How Do I Obtain a Work Permit and Temporary Residence on the basis of a Job Offer?

The Foreign Investment Promotional Agency (FIPA) of BiH provide a nice guide on how to obtain Work Permits in BiH. Information on the required documentation for the Temporary Residence Grounded on Work With a Work Permit can be found on the PB-4.1 document listed on the SPS website. A brief overview of the process can also be found in the Frequently Asked Questions section of the SPS website in BHS. The following steps are outlined in these sources:

  1. Receive a job offer from a BiH company.
  2.  Work Permit application is then submitted by the future employer on behalf of the employee to the relevant government employment agency. The employee will be required to provide certified identity documents as well as a nostrification of their university degree if applicable, while the employer will have to provide registration documents as well as proof they do not have any outstanding tax obligations. The employee should be located outside of BiH while the Work Permit application is processing.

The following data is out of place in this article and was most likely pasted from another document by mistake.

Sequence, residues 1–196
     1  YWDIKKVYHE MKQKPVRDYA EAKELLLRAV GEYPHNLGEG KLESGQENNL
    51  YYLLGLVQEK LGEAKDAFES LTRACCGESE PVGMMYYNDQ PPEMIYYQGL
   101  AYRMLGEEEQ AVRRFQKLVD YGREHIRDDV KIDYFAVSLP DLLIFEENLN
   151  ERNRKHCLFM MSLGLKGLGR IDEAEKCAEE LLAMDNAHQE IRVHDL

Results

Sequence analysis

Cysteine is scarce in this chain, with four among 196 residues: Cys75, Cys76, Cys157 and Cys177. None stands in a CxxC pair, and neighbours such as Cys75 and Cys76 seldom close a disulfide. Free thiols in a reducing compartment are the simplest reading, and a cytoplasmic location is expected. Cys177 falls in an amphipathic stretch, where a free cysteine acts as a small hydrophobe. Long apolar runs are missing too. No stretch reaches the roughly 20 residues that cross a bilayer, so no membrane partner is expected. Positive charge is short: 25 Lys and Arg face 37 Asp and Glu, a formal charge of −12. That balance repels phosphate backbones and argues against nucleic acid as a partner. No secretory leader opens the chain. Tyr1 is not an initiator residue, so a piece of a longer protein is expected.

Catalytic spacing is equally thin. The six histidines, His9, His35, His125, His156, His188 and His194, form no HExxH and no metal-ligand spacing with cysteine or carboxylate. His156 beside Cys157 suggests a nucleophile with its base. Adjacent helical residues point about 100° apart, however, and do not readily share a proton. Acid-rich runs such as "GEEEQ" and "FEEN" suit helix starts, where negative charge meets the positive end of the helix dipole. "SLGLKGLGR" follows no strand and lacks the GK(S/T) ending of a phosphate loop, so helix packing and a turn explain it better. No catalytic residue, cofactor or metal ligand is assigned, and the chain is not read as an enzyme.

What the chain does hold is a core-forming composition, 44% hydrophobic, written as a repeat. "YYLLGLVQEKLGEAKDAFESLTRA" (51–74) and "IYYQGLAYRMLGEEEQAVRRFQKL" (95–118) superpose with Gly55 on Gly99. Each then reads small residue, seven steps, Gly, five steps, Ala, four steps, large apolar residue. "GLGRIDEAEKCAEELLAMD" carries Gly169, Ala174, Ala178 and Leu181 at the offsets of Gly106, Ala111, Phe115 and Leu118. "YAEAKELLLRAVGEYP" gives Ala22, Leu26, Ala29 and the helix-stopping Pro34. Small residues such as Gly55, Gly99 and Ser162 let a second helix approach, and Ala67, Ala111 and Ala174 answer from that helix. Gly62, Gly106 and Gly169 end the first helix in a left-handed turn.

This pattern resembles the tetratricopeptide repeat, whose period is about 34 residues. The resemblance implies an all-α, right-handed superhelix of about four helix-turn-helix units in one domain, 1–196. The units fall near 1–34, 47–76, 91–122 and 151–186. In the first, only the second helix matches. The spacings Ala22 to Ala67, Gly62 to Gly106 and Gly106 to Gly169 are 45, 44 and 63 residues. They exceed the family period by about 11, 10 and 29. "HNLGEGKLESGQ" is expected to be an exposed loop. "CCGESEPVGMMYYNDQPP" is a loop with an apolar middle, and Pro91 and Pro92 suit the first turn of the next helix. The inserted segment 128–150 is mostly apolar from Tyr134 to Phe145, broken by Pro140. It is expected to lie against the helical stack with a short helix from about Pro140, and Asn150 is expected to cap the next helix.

3. Once the Work Permit is obtained, the employee may enter BiH either using their 90 day visa-waiver period (or other applicable short-stay visas) and apply for Temporary Residence Grounded on Work With a Work PermitThe employee may reside in BiH while the Temporary Residence Grounded on Work With a Work Permit application is processing.
  4. Once the Temporary Residence Grounded on Work With a Work Permit application has been processed, the employee may start working.

This entire process typically takes 3 months or more. It is recommended that if the employer does not take care of the process, the employee should hire a local lawyer. In my experience, the whole process costs around 400KM in government administrative fees, and 600KM in lawyer fees when applying in the Kanton Sarajevo.

Conclusion

It is hoped that this post has cleared a few things up and saved time for those thinking about living and working in BiH as a foreigner. While it may have dashed the hopes of those wishing to stave off their early life crisis by becoming professional bracelet and cigarette pushers, it is possible to navigate the visa process and do things legally in BiH when you put your mind to it. Navigating the Bosnian bureaucracy as a foreigner in practice can be stressful and frustrating, and it is recommended to hire a local lawyer when trying to apply for the various visas and permits by yourself.

Photo by @edina.sp